Academic success more likely for children granted German citizenship at birth
A study by Germany’s Institute of Population Research has revealed educational inequality among immigrant children who were granted citizenship at birth and those who were not.
Children without German citizenship are educationally disadvantaged
The Federal Institute of Population Research has released a study demonstrating how children who were not granted German citizenship at birth go on to be disadvantaged in the German education system. The study focused on the knock-on effects of the federal government’s 1999 reform, which entitled children who were born in Germany to citizenship, if at least one of their parents had a legal residence permit for a minimum of eight years before the child’s birth.
The study considered the academic performances of children born in the year before and the year after the 1999 citizenship reform. The inequality between children of immigrant families who had been granted citizenship at birth and those who had not was most acutely expressed at the high school level.
Of the families who had not benefited from the reform, 46 percent of children went on to attend Gymnasium. Gymnasien are the stream of German schools which provide the highest level of secondary education and where teens complete their Abitur exams required for applying to university. Of those who were granted citizenship at birth, 62 percent attend a Gymnasium, rather than one of Germany’s Realschule or Hauptschule vocational schools.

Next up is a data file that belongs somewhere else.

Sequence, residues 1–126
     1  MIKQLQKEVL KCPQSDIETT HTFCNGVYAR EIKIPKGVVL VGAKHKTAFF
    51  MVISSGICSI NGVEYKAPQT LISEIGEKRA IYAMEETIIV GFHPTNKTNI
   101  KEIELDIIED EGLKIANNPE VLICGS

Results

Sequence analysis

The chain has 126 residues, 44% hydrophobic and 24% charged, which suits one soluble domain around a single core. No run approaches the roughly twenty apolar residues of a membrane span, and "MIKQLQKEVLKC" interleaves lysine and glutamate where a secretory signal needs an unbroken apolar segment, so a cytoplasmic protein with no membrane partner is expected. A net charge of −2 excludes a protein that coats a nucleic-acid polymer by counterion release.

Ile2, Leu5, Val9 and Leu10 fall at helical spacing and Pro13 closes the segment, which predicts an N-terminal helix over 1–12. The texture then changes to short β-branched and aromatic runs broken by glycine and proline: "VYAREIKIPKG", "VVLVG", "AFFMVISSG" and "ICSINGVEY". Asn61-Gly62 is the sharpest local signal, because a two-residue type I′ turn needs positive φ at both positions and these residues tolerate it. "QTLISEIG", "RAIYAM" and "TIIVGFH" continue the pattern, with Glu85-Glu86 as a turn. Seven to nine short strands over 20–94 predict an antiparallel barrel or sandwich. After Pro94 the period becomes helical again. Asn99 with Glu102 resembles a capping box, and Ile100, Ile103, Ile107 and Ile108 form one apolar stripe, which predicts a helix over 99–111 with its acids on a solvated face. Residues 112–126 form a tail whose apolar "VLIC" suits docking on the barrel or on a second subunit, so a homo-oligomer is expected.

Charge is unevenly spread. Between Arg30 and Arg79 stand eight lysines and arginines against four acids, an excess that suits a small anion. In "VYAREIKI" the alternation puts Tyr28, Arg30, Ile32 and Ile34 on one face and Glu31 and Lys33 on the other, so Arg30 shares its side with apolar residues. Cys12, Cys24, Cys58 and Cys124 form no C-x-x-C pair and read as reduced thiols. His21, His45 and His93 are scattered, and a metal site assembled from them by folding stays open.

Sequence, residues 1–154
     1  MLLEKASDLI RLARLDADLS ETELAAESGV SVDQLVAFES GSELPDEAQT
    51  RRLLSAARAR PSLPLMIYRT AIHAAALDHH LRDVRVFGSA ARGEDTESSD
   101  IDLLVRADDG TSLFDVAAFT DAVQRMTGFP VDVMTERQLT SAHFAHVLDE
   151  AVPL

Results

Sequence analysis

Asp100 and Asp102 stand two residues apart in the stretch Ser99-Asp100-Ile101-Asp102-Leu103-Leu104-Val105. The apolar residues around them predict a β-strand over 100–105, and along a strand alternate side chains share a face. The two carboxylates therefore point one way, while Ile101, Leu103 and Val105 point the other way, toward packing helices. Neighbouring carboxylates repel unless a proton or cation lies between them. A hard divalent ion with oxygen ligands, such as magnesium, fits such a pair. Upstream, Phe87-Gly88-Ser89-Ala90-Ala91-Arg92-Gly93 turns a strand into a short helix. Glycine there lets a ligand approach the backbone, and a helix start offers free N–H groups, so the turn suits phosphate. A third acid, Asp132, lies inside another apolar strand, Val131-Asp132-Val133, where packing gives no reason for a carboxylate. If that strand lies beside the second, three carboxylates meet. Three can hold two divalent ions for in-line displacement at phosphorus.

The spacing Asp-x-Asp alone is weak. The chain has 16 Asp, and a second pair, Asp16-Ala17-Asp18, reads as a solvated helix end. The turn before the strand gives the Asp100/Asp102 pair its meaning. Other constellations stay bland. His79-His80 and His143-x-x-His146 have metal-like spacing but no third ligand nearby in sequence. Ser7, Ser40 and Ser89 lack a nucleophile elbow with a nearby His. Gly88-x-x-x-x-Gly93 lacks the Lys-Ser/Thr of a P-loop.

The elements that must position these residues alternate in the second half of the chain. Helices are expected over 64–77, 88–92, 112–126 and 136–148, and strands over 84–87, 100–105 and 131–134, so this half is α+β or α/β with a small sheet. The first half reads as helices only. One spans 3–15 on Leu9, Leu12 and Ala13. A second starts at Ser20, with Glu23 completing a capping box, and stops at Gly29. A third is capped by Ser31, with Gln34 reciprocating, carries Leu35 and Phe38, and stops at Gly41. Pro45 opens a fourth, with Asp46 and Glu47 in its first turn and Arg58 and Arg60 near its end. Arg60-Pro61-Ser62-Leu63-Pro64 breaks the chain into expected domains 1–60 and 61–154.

Parental expectations impact immigrant children’s performance
Critics of Germany’s academically segregated education system argue that the hierarchy disadvantages all children, particularly those from immigrant families, who may speak other languages in the early stages of childhood and have a slower academic development.
But the Institute’s study also proposed that immigrant parents whose children have a German passport were more likely to believe that their children can be academically successful in the German school system. According to the study, these high expectations bore better academic outcomes.
The citizenship status of children from immigrant families in Germany was also likely to impact their development at the earlier stages of childhood, with those granted citizenship being more likely to attend Kita (nursery). Parents of children with citizenship also reported being highly motivated to integrate and were more likely to regularly interact with the German language.
The conditions for immigrant children’s citizenship which were implemented in 1999 are the same conditions that remain today. Though the German government is currently creating a draft law to drastically overhaul the country’s citizenship legislation, Olaf Scholz’s government has not announced further reforms to children’s citizenship, such as granting default citizenship to all children born in Germany.
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